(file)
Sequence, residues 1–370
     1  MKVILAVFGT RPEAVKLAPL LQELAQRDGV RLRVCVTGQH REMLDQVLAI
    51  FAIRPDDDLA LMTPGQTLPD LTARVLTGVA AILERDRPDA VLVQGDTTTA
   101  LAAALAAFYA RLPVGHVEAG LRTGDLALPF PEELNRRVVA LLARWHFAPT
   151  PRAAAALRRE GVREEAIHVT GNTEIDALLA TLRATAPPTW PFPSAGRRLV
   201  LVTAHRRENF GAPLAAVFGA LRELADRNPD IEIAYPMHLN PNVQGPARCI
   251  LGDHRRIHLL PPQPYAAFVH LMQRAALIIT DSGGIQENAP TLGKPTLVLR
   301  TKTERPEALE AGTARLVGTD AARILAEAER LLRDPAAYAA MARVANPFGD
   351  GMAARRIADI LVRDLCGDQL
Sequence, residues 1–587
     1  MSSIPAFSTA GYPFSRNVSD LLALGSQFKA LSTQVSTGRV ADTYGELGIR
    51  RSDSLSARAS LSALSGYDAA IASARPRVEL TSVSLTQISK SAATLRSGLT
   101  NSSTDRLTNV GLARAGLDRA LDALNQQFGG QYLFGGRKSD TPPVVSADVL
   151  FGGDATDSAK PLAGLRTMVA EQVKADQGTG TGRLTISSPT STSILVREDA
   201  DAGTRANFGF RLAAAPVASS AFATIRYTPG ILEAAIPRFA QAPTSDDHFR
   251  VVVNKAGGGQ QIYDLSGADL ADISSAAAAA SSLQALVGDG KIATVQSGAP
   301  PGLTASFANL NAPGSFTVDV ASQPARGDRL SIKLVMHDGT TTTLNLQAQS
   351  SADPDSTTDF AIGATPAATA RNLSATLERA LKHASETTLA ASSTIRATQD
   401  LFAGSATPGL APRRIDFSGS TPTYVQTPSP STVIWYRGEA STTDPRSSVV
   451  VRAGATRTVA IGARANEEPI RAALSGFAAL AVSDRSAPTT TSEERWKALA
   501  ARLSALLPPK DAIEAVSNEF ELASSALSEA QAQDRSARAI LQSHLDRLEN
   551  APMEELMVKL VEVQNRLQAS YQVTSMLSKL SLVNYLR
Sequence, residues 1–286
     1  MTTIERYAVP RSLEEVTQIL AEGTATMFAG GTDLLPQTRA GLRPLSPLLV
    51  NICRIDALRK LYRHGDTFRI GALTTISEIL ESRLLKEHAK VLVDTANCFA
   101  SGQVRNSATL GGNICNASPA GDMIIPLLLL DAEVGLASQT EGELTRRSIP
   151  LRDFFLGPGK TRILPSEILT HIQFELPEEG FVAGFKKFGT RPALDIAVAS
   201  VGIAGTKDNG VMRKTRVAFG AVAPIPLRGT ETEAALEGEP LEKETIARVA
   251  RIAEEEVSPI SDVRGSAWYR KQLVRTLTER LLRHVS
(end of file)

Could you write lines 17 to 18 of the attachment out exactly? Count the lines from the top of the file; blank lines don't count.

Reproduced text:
   301  PGLTASFANL NAPGSFTVDV ASQPARGDRL SIKLVMHDGT TTTLNLQAQS
   351  SADPDSTTDF AIGATPAATA RNLSATLERA LKHASETTLA ASSTIRATQD